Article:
A Simple Drinkware Guide•
Posted on October 21 2020
The party season is here. Now it’s time to get a drink and enjoy it but do you have the right glasses?
Are you drinking champagne from a cocktail glass or whisky from a wine glass? If so, you may not be enjoying the full flavour or effect that these drinks are renowned for. Here is our guide to drinking glasses:
Why Use Different Types of Glassware?
Different glassware has evolved to make each different drink better. It may be that you have a perfectly measured cocktail, but the size of the mouth can help release the aromas. It may be that you have a wonderful new liquor in your hand, but once in a drinking vessel it can be warmed-up, or stay cool, by the design of the glass. Enhanced aromas and correct temperatures are two key factors for improving the drinking experience.
The Right Glass For The Right Drink
Red Wine Glasses
Red wine glasses and white wine glasses differ in shape and size, driven by the types of wine they are intended to hold. Red wine glass should have a broader opening than a white wine glass. There are two key points to consider when choosing a wine glass. Firstly, make sure it has a stem, your hand transfers less heat to the wine if you hold it by the stem. Secondly, aroma is very important, so make sure you can fit your nose into the glass.
White Wine Glasses
Similarly to the red wine glass, a white wine glass should have a stem, to prevent the wine becoming warm too quickly. White wine glasses typically have a slightly narrower opening than a red wine glass, therefore a smaller surface area to aerate so that wine does not oxidise too fast. This is to retain the lighter, more delicate notes that white wines will generally have.
Examples: Chardonnay, Sauvignon.
The tall narrow flute encourages the fizz to rise to the top, creating an experience that is sensational in both taste and touch.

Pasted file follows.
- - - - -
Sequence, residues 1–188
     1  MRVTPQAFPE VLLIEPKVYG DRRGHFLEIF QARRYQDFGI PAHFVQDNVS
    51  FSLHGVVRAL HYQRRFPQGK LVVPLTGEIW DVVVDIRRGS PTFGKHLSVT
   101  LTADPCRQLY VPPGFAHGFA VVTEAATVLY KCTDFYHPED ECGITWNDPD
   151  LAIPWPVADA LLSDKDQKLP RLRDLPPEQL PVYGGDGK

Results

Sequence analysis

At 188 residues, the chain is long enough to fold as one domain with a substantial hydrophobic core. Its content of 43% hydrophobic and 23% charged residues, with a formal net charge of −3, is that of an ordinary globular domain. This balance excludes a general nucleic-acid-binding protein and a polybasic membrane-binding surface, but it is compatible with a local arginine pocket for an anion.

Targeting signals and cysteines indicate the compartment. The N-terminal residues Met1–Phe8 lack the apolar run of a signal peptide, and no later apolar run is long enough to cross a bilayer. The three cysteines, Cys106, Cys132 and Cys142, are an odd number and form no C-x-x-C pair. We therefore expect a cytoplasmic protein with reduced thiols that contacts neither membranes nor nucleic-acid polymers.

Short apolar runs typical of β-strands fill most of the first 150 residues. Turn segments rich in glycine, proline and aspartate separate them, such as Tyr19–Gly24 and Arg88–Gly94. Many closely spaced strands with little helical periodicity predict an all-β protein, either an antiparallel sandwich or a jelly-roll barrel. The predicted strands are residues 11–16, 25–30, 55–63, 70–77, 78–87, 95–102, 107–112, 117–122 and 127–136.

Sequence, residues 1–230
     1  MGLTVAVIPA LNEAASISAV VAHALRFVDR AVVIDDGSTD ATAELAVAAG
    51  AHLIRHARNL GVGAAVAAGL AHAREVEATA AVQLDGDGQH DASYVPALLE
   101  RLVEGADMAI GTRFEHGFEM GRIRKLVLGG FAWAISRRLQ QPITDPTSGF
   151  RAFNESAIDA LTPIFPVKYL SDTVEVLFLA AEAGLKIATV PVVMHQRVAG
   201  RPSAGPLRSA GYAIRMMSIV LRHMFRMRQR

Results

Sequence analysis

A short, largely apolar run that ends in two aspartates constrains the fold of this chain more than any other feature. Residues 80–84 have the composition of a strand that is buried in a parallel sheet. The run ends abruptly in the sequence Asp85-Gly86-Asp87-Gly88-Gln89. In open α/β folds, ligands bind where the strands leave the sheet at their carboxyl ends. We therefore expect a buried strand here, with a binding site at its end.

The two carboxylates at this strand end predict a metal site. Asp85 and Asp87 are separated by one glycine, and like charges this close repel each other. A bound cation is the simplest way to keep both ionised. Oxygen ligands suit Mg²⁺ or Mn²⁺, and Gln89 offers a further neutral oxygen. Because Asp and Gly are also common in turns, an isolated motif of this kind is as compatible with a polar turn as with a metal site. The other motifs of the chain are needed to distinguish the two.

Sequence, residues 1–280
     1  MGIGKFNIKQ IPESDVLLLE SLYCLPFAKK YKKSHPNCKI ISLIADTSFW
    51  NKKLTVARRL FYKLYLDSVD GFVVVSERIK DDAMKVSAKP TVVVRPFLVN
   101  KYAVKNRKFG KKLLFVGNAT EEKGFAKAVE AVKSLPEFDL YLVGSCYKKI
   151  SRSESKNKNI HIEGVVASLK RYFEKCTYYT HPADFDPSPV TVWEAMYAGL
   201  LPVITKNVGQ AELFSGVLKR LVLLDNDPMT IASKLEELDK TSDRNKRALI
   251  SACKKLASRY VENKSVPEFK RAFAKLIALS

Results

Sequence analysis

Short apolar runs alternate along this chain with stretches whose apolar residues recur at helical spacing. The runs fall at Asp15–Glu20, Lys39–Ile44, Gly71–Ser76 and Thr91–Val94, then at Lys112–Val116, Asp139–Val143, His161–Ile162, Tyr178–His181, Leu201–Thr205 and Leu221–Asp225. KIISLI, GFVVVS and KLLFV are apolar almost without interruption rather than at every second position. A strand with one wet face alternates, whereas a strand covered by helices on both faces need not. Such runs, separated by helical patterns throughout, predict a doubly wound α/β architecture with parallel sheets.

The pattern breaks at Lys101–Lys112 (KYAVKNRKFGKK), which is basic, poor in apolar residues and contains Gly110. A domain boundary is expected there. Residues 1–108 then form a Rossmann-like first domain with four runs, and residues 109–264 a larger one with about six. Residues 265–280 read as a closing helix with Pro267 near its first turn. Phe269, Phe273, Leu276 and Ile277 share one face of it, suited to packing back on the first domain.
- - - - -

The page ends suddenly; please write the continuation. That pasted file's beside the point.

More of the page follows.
Suitable for Champagne, Sparkling Wine and Champagne cocktails, they need even less surface area, as this will help preserve the bubbles and stop it from going flat too quickly. Hence, the flute glass, with its tall, thin bowl and smallmouth.
Examples: Champagne, Prosecco, Bellini.
Whether you have it shaken or stirred, this is the martini glass for you. Once again, the martini glass has a stem to control the temperature of the alcohol. Drinks in this glass are traditionally not served with ice. The cone shape helps to keep all the components of the drink contained and maintains the temperature.
The whole idea of the perfect Cognac glass is to give the largest surface area possible, but to then close in at the rim in order to intensify the bouquet and ensures the best flavour. For those who prefer their liquor in its pure and neat form, then you owe it to the beverage to give every opportunity for the best tasting experience possible.
Typically known as a water glass, a highball glass is a glass tumbler used to serve ‘tall’ cocktails and other mixed drinks that contain a large proportion of a non-alcoholic mixer, and are poured over ice. These glasses are good for gin-and-tonics, water, beer, vodka and club sodas, and whiskey and gingers cocktails. An everyday glass in the household.
Tumbler glasses are suitable for anything neat, and any spirit on the "rocks", though it could also be used for stirred, chilled, spirituous cocktails served chilled, but in a glass without a stem.
These are the glasses where you most likely have a drink that will take some time to drink. You do not sit back in a comfy leather chair with an up drink and sit there for 45 minutes with it, but you will if it is something nice and stirred on a big piece of ice. So it’s worthwhile to splurge on a heavy-bottomed tumbler glass that feels balanced and good in your hand.
Now its time to enjoy your favourite drink (in the right glassware of course😉), Cheers!
Source: Bottleneck Management
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